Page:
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I have been not the most vocal student and wasn't talking to the professors much after class. Much of this was because I was quite shy at the time. I have now graduated and would like to ask for an academic reference. My final grade was quite good, so my position is not that bad. I just wasn't so active in class.

Question : I am asking myself whether there are ways to improve a potential recommendation after having graduated. Like, for example, through email correspondence, or sending the professor a paper I wrote, etc.? Or should this ideally not influence the professor anymore?

What could I do? Or this generally a bad idea?

PS: Note that I am not asking to build a recommendation entirely after graduation, but to improve it somewhat.

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    It is fine to engage in email correspondence with a former instructor, but please do it for the sake of the conversation or collaboration itself, not just to improve the recommendation. On the other hand, it is fine to inform your former instructors of a recent publication. They'll be happy for you. – aparente001 Apr 2 '17 at 18:26
  • Thank you for your answer. I am genuinely interested in the professor and her work, but I would be looking to give them a more accurate impression of me also to improve the letter of recommendation. – George Welder Apr 2 '17 at 19:15
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First of all, although in all cases it would have been better for you to talk to your professors outside of class and cultivate further intellectual/professional relationships with them, how much better depends a lot on the situation. For instance, in my academic field of mathematics, a student at a strong program who quietly does superior work in the most challenging courses available to her is going to get strong to very strong letters irrespective of the personal contact. In other academic fields, the most promising undergraduates will likely have some engagement with the research interests of the faculty, perhaps even to the extent of coauthorship on papers, and missing out on that may be missing out on a lot.

I am asking myself whether there are ways to improve a potential recommendation after having graduated.

It becomes a lot harder to improve your professors' opinions of you after you leave, for the obvious reasons: you have no more necessary points of contact with them, and they are no longer getting paid to teach and interact with you. Some faculty members are very generous with their time, but many faculty members have packed their professional life with so many other activities that they literally don't have the time for more than casual interactions with former undergraduates.

Like, for example, through email correspondence, or sending the professor a paper I wrote, etc.?

You can try both of those things. Sending a paper you wrote that has some connection to the research interests of the professor in question sounds more promising to me than simply trying to raise their esteem via the enthusiasm and erudition of your epistles. (Sorry, I got a little carried away with the alliteration.) As above, a faculty member may not have time to do more than briefly glance at your paper...but even the brief glance of a professional can convince them that you're onto something and improve your letter.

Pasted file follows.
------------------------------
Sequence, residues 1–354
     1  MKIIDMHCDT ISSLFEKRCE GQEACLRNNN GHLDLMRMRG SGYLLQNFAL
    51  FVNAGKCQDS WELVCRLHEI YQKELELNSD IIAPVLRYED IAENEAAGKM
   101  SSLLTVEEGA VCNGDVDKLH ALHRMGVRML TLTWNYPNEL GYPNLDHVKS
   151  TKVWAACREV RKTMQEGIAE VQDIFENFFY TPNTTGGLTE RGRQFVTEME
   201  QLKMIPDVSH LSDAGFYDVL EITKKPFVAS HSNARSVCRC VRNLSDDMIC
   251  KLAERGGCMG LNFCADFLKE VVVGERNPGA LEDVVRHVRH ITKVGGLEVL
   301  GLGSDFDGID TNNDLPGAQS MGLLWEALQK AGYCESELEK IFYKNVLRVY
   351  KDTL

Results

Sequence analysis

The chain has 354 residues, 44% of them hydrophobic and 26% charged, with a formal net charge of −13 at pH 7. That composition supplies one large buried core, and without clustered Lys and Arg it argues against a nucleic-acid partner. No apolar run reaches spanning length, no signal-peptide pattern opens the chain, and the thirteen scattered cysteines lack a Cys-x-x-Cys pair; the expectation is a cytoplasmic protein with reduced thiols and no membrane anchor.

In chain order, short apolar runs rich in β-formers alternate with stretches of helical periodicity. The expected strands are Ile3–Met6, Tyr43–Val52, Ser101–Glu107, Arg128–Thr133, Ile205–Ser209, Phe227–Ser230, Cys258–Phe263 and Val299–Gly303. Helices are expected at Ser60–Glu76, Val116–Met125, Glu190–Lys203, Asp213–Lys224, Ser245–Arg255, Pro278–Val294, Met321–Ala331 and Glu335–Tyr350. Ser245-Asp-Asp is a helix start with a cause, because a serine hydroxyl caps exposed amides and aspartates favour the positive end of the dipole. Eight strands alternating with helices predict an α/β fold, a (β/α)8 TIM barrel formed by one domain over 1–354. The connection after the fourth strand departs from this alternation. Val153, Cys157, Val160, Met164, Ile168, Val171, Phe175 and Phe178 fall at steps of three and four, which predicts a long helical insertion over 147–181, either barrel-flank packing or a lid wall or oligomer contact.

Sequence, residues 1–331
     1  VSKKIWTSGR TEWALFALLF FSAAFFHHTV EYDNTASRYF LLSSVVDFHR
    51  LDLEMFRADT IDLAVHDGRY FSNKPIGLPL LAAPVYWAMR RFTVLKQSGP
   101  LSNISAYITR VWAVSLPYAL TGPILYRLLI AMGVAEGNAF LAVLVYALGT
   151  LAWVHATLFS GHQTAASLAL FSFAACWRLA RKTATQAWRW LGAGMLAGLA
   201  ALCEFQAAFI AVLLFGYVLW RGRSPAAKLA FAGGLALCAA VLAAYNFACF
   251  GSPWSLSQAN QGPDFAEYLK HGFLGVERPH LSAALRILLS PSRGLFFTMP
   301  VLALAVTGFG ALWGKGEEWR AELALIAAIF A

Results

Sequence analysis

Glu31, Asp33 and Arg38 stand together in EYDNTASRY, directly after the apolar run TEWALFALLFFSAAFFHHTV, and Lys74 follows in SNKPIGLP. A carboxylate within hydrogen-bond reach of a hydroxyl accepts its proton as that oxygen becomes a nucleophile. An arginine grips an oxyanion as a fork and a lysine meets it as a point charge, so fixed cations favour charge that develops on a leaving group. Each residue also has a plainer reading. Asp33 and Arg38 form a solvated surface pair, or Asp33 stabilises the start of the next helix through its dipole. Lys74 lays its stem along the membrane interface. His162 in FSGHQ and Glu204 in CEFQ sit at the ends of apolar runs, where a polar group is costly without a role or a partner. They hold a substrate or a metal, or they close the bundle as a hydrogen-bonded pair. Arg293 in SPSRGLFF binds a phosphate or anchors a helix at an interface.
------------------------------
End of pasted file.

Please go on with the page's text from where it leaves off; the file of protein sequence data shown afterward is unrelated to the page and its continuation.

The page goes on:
Or should this ideally not influence the professor anymore?

No, you're fully entitled to take further steps to get a better letter. That may be hard to do, but the attempt is fully appropriate. Faculty will probably realize what you're doing (which is also okay...).

  • I disagree that "a student at a strong program who quietly does superior work in the most challenging courses available to her is going to get strong to very strong letters". I like to think I'm at a strong program, and a student who just quietly gets A after A in our graduate courses is going to be in a tough spot when it comes to getting effective letters. As a faculty member, what am I supposed to base my 'strong to very strong letter' on if I don't know the student? Perhaps you mean that such a student will have a strong transcript, but that doesn't mean the letters will be effective. – Tom Church Apr 2 '17 at 23:20
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    @Tom: It looks like we probably need to disagree on this just because we are each relying on our own experience, which is different...noncontradictorily. But okay, I'll play a little bit: if you write a letter reminding everyone that Stanford is one of the top departments in the country and say that Ms. X performed better in courses Y and Z than most of the graduate students...haven't you already made a pretty good argument that she deserves a spot at a top program?... – Pete L. Clark Apr 3 '17 at 2:14
  • ...I was also thinking back to my own situation. I wasn't an especially quiet student, so the undergraduate-leaning faculty knew who I was and knew I was doing well in very challenging courses. But I didn't talk about research questions with any of them, and I didn't even get a letter from the one faculty member I did a reading course with. (And I got into all the programs I applied to.) I mean: how many Stanford undergrads are getting A after A in graduate courses, quietly or otherwise? Maybe it's more than I think. – Pete L. Clark Apr 3 '17 at 2:17

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